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Who Treats High Cholesterol?

Medically Reviewed by Brunilda Nazario, MD on June 09, 2021

The care team that helps you manage your high cholesterol will depend on things like how high your levels are, what’s causing it, and other medical conditions you have or may be likely to develop.

Primary care doctor: You can’t see or feel any warning signs of high cholesterol, so you’re most likely to find out you have high numbers during an annual physical with your primary care doctor. They can talk with you about lifestyle changes, like eating healthier and being more active. They also might talk about medications that can lower your levels. Based on your individual case, they also may recommend you see other health care professionals to help manage your condition.

It’s important to see your primary care doctor for regular checkups that include screenings and a blood test to keep an eye on your levels and make sure your treatment plan is working.

Lipidologist: This doctor studies fatty substances, like cholesterol, in the blood and finds ways to manage and treat conditions linked to them. A lipidologist might work with your primary care doctor to come up with a treatment plan that could include dietary changes, exercise, and medication.

Dietitian: Being overweight can make you more likely to have high cholesterol. So changing how you eat can be a big part of getting control of your numbers. Losing as little as 10 or 20 pounds can noticeably lower your “bad cholesterol” level, especially if you eat a low-fat diet that’s high in fiber and non-starch vegetables. That’s where a dietitian or nutritionist can help.

A registered dietitian is an expert in customizing nutrition plans for people with certain health conditions. They can also guide and support you as you change your daily eating habits.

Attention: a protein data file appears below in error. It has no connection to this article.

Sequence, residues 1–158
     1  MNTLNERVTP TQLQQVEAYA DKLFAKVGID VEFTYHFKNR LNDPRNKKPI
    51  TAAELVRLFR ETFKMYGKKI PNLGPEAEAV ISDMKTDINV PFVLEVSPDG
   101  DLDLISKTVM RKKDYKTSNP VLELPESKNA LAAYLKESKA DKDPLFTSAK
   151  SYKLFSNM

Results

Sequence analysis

Endocrinologist: These doctors specialize in the hormones that circulate throughout your body in your bloodstream. In some people, high cholesterol can be linked to hormonal conditions, including:

If that’s the case, an endocrinologist can prescribe medications that can help with the hormone issues and lower cholesterol levels.

Cardiologist: High levels of “bad cholesterol,” or LDL, can lead to a buildup of fatty substances in your arteries called plaque. Over time, that can result in a condition called atherosclerosis, which restricts the flow of blood. It’s the most common cause of heart attacks. If your primary doctor finds signs of this or thinks you might be likely to develop it, they’ll recommend that you see a cardiologist, or heart specialist.

The cardiologist may do tests to see if you have any blockage and work with other members of your care team to make a plan for treatment. In more serious cases, that might include a heart procedure or surgery.

Nurse practitioner or physician assistant: These health care professionals can help you manage your high cholesterol by doing blood work to keep an eye on your levels, prescribing medications, and talking with you about lifestyle changes.

Questions to Ask About High Cholesterol

It’s important to manage and treat high cholesterol early before it leads to serious health problems. Here are some questions to ask your health care provider if you find out your levels are high:

  • What’s causing my high cholesterol levels?
  • What changes should I make to my diet?
  • How can I safely be more physically active?
  • Do I need to take any medicine? If so, what kind and what will it do?
  • How often should my cholesterol levels be checked?
  • Do I need to see any other doctors or specialists?
WebMD Medical Reference

Sources

SOURCES:

American Academy of Family Physicians: “Clinical Practice Guideline: Cholesterol.”

University Hospitals: “Specialist Treating and Preventing High Cholesterol.”

Portneuf Medical Group: “Cholesterol Management and Its Relationship To Lipidology.”

Obesity Action Coalition: “Obesity and Lipid Abnormalities Fact Sheet.”

Mayo Clinic: “Top 5 Lifestyle Changes To Improve Your Cholesterol,” “Arteriosclerosis/Atherosclerosis.”

University of Michigan Medicine: “High Cholesterol: How A Dietician Can Help.”

Hormone Health Network: “The Endocrine System,” “Dyslipidemia,” “Hyperlipidemia.”

Endocrine Society: “Adults With Endocrine Disorders Have An Increased Risk of Heart Disease.”

University of Rochester Medicine: “Coronary Artery Disease or Atherosclerosis.”

American Association of Nurse Practitioners: “What’s a Nurse Practitioner (NP)?”

American Academy of PAs: “What Is a PA?”

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